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City comment: Shell doesn’t go Dutch to avoid Unilever’s Marmite mistake

·1-min read
Shell is committing to London  (PA Wire)
Shell is committing to London (PA Wire)

Fancy going Dutch? Not Ben van Beurden.

Shell is ending its dual-class share structure and the awkward cross-Channel splits it has being doing between London and The Hague.

Investors cheered today’s restructure. It makes Shell an easier beast to understand: always good news.

The decision is a win for post-Brexit London: the capital’s large institutional investor base still can’t be matched in Europe. Being closer to the big money still means London even with Britain outside of the EU.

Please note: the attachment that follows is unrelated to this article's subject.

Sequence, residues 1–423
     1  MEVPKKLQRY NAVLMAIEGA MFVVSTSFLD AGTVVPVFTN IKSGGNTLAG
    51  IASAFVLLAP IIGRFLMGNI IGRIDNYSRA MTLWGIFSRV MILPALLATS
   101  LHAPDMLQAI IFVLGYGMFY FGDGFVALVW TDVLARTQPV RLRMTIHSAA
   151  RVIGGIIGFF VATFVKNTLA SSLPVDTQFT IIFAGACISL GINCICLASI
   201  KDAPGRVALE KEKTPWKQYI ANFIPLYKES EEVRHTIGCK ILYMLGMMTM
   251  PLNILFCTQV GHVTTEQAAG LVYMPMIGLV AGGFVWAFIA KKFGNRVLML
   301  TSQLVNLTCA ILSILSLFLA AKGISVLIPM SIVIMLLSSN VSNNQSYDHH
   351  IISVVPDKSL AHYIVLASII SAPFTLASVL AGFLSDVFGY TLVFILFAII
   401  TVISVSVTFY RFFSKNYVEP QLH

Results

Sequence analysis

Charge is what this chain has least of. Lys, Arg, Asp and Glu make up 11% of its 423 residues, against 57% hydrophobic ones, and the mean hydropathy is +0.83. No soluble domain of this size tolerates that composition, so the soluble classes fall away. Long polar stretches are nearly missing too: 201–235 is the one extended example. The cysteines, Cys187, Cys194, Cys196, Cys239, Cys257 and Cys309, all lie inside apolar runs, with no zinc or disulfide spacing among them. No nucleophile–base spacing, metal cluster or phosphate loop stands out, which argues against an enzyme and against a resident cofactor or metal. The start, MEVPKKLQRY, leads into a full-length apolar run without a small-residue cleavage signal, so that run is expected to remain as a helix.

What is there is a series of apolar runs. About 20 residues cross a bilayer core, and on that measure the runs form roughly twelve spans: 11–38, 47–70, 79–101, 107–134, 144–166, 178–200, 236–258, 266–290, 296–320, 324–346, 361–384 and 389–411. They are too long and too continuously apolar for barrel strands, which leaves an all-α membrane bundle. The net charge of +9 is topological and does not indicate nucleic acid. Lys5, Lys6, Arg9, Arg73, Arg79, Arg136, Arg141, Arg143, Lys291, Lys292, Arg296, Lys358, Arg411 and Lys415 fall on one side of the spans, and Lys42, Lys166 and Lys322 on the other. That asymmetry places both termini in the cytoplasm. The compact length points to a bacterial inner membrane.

Still, it can’t have been an easy decision.

Shell CEO van Beurden, a Dutchman, is leaving his homeland as part of the restructure. Moving is stressful at the best of times, let alone changing countries. My thoughts are with Ben.

He likely studied the case of Unilever, another Anglo-Dutch business that tried to rationalise its structure a few years ago. The Marmite maker announced plans to shift its headquarters to the Netherlands but was forced to abandon them after outcry from shareholders. Institutions complained they could be forced to sell shares and said there was little upside. Unilever boss Paul Polman left just a few months later. A cautionary tale.

While today’s update delivers some cheer, van Beurden’s big challenges remain the same: shifting Shell from dirty oil to green energy and heading off a noisy activist investor pushing for a break-up of the business.

That’s a full in-tray for any CEO whether his office is in London or The Hague.

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